Posted at 12.19.2018
The issue between cathedral and talk about has been an historical concern that has plagued Europe for a lot of its history. Ever since the introduction of Christianity in the Roman Empire during the fourth-century, there's been a constant have difficulties between temporal and spiritual government bodies for ecclesiastico-political primacy. That have difficulty involved both Church and their state using religion as a way to help expand their respective passions. By analyzing the next two major documents: 'The Edict of Milan' and 'The Program of Gregory VII', I'll claim that both documents show you a historical theme: Religious beliefs being used as a means for the advancement of ecclesiastico-political interests. Inside the first doc 'The Edict of Milan' the Emperors Constantine and Licinius granted an edict that promulgated religious toleration for all religions including Christianity. While Constantine might have been sincere in his desire to protect spiritual minorities, he was mainly determined by his desire to ensure the security and safety of the Empire (research). He was all too aware of the destructive effects that sectarian pressure could pose to the Empire. Furthermore to his edict being politically motivated, it can be argued that his very change to Christianity was at least partially motivated by politics interests. In the second document being examined, 'The Program of Gregory VII, ' the Pope was not only wanting to institute cathedral reforms when it comes to morality, but he also wanted to secure temporal guideline for the Roman cathedral while eradicating the affect of the Emperor in religious affairs. He was in a protracted confrontation with King Henry IV and his dictates were part of his attempt to coalesce ecclesiastical electricity with temporal ability. Both documents expose a standard theme of religion being used to further political goals.
In the 'Edict of Milan' granted by co-emperors Constantine and Licinius in 313, it was decreed that there would be spiritual toleration for many religious minorities. While a cursory reading of the document might lead someone to conclude that the Emperors were operating out of altruism and that they were motivated by devotion to the Cathedral, a thorough knowledge of the historical context reveals the Emperors' major motivations were political. Constantine used Christianity to provide his political needs and even the sincerity and genuineness of his conversion to Christianity has been helped bring into question by various historians. Historian Daniel Shubin stated that Constantine "required a utilitarian religious beliefs with a superficial charm to the senses in order to combine the loyalties of [his] themes" (33). He essentially argued that Constantine's transformation was politically motivated. Even historian Edward Gibbon in his groundbreaking work "The Decrease and Semester of the Roman Empire" drew the conclusion that Constantine was simply "an opportunist politician" and he viewed Constantine's change as a "piece of politics expediency. " Still another historian has argued that his transformation to Christianity "was only a cynical, callous political move, dictated by overweening ambition motivated by political interests. " (JSTOR-Jordon).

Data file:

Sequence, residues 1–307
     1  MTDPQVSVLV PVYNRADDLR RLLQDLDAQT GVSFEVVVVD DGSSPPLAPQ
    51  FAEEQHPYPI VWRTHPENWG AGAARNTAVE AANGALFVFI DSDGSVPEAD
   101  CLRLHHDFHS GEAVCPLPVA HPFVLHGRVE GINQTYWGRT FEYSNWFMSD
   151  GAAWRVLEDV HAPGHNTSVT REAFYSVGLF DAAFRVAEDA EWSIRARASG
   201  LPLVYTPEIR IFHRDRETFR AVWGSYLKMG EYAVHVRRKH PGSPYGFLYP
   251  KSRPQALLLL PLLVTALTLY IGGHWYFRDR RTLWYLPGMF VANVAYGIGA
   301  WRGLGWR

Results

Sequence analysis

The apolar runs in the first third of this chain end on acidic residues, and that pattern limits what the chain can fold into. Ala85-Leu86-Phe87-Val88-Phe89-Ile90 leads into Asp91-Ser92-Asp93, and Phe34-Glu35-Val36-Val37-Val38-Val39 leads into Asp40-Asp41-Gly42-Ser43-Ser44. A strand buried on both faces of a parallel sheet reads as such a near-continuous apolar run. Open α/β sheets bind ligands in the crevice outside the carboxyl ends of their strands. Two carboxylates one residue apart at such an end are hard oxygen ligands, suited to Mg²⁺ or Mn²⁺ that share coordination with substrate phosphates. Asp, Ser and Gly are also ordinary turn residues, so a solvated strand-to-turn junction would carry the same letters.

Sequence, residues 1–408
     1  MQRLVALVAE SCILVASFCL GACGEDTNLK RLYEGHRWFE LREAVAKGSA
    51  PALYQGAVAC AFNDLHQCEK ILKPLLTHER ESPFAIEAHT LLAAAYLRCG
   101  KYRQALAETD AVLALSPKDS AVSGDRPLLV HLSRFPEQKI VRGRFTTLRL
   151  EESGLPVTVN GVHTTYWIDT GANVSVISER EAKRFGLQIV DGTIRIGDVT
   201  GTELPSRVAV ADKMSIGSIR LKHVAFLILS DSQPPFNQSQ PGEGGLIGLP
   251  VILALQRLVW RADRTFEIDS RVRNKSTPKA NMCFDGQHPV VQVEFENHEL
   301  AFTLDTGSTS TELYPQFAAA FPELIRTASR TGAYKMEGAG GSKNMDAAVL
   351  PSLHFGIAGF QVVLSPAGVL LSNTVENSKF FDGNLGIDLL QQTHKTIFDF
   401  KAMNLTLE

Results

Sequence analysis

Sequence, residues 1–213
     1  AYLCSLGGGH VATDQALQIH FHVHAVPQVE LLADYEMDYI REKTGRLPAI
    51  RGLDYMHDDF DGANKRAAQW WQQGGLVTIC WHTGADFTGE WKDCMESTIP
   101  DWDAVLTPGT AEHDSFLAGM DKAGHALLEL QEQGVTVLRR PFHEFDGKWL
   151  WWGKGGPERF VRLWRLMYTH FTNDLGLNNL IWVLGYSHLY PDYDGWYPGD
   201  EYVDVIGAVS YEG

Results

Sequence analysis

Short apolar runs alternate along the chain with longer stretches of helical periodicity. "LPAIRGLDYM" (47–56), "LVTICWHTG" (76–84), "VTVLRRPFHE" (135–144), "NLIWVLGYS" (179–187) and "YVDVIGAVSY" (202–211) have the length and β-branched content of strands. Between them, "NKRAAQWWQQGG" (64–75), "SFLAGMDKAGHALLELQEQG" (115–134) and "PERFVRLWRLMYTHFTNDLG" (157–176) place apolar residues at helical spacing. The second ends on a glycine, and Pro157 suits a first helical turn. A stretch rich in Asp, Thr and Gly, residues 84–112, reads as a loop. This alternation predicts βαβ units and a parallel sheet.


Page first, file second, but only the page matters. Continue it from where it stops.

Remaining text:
Another aspect that needs to be taken into consideration when examining the 'Edict of Milan' is the fact that Constantine was well alert to the prospect of religious divisions to develop into civil disruptions and do disrupt steadiness. It was Constantine himself who arbitrated within the Donatist controversy which erupted inside a few months of him becoming only emperor of the Western world. Inside the Edict of Milan, Constantine and Licinius make it clear they are acting generally in the interest of condition stableness for in the beginning sentence Constantine explained that he and Licinius achieved in Milan and were "conferring about everything which concern the advantage and security of the state". (reference). Historian Francis Betton opined that Licinius only acquiesced to issuing the decree out of deference to Constantine rather than because he was truly committed to spiritual toleration. Licinius continued to be a pagan throughout his life and even extended the persecution of the Christians later in his reign. (jstoredictofmilan)
There are numerous instances throughout the 'Edict of Milan' that provide to demonstrate that the Emperors were utilizing the guise of religious toleration as a means to ensure the stableness of the Empire. In the Edict, the Emperors demand the come back of confiscated chapel property saying:
Moreover in regard to the legal position of the Christians we've thought fit to ordain this also, that if any may actually have bought, whether from the exchequer or from any others, the places of which these were used formally to assemble, concerning which definite requests have been given before, and that by way of a letter released to your office - that the same be restored to the Christians (ref)
The Emperors decreed that confiscated cathedral property should be returned to the Christians but they were careful never to prolong that demand to the restitution of private property that was confiscated from the Christians by the pagans. Christians regularly had their private property looted as a result of the pagans during their persecution, and requiring restitution of that private property would be a severe financial setback to the pagans and it got the potential to lead to major civil disturbances (jstoedictofmilancatholicreview)). Because steadiness and security of the empire was of key importance to the Emperors, they remained extremely cautious in their look at at reconciliation between the Christians and the pagans and hesitated to demand the come back of confiscated private property.